It is not every day you break into a gym with your colleagues to take photos of yourselves in a sauna in suits, see your managing director swing from a trapeze, or learn how to play with an orchestra in just 90 minutes.
By choosing the right teambuilding events and throwing people together in unfamiliar territory, HR can help managers stretch employees’ creativity and break down communication barriers.
There are a variety of teambuilding days to choose from, as the three tested below show, so spend some time assessing what type of activity your employees will get the most out of. Getting it right will help everyone to discover what their colleagues are really made of, and help open up communications across the business.
Organiser: Red Letter Days
When I was invited to take part in a media open day for a teambuilding event that listed flying trapeze, juggling, acrobatic balancing and stilt-walking in the programme, I thought twice about it. Would I be able to hold my own in front of a roomful of other journalists, or would vertigo let me down?
Walking into London’s Circus Space, I found a group of nervous-looking hacks who seemed to be having the same misgivings. The hall contained typical gym equipment familiar from our school days: a cold wooden floor a pile of gym mats even a leather horse. But there the similarity ended: daunting tightropes spanned the high ceilings, and a trapeze swung from the heavens, accessed by a ladder at the back of the hall, ending at a tiny ledge.
Before we had time to change our minds, my team faced the task of mastering the trapeze. Split into pairs, we had to overcome our fears and negotiate who was going up the ladder first.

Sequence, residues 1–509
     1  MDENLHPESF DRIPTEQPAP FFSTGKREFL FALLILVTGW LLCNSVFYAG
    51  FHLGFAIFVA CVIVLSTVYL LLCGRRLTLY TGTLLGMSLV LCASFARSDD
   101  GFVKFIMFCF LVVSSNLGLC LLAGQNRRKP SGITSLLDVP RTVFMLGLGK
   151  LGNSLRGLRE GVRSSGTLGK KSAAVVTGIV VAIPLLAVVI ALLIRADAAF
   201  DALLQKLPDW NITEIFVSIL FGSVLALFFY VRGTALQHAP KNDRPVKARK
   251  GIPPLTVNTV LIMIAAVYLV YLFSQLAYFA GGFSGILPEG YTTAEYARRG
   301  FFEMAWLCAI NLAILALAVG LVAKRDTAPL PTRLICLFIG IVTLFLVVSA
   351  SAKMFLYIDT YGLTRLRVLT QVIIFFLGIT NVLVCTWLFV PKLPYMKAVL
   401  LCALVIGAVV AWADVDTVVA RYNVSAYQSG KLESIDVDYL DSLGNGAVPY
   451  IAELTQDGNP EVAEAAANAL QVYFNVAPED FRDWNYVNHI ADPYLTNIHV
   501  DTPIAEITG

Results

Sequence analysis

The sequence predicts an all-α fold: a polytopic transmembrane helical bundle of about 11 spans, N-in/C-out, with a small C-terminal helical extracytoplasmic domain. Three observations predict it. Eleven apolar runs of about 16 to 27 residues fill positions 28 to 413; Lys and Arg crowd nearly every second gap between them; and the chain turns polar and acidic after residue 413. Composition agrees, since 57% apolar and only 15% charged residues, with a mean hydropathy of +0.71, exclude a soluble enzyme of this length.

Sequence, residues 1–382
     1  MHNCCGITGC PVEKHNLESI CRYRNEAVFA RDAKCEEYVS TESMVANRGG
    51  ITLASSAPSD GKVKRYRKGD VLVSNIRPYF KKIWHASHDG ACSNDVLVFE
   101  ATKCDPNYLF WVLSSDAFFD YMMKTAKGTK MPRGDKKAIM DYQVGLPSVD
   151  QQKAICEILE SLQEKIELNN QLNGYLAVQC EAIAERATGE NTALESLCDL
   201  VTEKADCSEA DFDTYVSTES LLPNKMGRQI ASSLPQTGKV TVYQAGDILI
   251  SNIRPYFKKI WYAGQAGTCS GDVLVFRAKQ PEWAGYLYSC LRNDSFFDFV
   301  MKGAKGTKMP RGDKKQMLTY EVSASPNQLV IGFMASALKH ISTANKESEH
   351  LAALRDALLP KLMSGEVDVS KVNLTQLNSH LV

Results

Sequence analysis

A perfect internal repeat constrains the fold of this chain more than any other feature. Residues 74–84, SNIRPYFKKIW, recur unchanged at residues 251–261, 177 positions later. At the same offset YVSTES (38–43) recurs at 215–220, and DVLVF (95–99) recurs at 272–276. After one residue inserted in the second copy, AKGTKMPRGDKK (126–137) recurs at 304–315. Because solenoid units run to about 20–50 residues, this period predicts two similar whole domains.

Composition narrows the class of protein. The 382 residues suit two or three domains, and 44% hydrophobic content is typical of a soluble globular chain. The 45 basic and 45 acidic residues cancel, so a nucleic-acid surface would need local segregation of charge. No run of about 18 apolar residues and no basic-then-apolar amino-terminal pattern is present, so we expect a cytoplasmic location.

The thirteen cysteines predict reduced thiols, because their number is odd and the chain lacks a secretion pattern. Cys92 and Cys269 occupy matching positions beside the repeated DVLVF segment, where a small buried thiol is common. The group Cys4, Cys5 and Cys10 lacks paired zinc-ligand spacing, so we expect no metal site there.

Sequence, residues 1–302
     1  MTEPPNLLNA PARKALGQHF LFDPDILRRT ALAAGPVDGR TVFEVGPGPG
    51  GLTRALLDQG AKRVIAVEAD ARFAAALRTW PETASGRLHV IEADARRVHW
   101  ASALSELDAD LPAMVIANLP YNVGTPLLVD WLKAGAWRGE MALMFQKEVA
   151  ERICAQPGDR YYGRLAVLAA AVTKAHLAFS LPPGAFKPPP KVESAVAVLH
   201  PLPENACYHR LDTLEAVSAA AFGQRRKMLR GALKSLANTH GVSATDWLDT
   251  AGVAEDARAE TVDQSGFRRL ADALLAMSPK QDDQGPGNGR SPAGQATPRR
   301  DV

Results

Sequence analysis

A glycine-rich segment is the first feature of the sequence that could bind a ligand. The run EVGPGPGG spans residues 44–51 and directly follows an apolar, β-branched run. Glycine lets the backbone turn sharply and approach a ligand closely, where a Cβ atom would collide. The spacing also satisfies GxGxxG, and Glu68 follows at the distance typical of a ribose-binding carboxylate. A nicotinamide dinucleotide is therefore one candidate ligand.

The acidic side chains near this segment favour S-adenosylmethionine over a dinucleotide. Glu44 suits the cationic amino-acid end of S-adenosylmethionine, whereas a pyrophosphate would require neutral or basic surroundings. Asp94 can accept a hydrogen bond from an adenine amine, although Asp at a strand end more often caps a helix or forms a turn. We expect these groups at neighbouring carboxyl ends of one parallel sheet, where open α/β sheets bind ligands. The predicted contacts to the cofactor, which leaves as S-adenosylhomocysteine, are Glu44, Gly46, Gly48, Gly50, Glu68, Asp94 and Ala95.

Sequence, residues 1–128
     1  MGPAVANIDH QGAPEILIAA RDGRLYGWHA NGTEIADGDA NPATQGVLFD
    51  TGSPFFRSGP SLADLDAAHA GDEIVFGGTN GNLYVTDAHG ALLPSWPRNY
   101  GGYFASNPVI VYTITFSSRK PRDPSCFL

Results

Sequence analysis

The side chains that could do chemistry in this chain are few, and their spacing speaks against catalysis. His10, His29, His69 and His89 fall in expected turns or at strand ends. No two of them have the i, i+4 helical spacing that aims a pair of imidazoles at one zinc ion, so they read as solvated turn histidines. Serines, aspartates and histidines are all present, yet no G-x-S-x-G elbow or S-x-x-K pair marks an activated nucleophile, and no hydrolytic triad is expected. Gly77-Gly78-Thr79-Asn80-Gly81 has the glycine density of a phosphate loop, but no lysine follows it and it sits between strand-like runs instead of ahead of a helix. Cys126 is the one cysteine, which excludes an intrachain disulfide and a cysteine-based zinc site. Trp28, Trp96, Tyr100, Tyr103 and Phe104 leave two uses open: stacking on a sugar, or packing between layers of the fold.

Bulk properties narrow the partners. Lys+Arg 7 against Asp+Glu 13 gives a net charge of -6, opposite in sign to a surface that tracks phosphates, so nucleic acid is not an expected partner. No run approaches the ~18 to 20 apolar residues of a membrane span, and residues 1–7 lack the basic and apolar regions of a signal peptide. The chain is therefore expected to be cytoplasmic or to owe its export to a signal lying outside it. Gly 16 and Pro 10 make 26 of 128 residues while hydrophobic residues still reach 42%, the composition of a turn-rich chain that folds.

I volunteered, and as my partner and I stepped onto the high platform, the instructor was there holding an edge of the trapeze, while my partner behind had to reach for the other edge.
I waited for the signal to catch the trapeze, jump off and swing it was exhilarating. It was also a powerful exercise in trust, since my partner held my life in his hands (well, aside from the safety rope). This required acute listening skills, as no-one wanted to put a foot (or hand) wrong.
Once we had overcome this first challenge, we tackled the rest of our activities with more confidence. Acrobatic balancing was next, which required us to grip hands and interlock our feet and arms. It also called for lots of trust, as one wrong move could lead to a fall.
Next was stilt-walking, and a great deal of encouragement and teamwork. We learned to juggle in a group exercise, where key skills included concentration and hand-to-eye co-ordination, and the big finale was the formation of a human pyramid.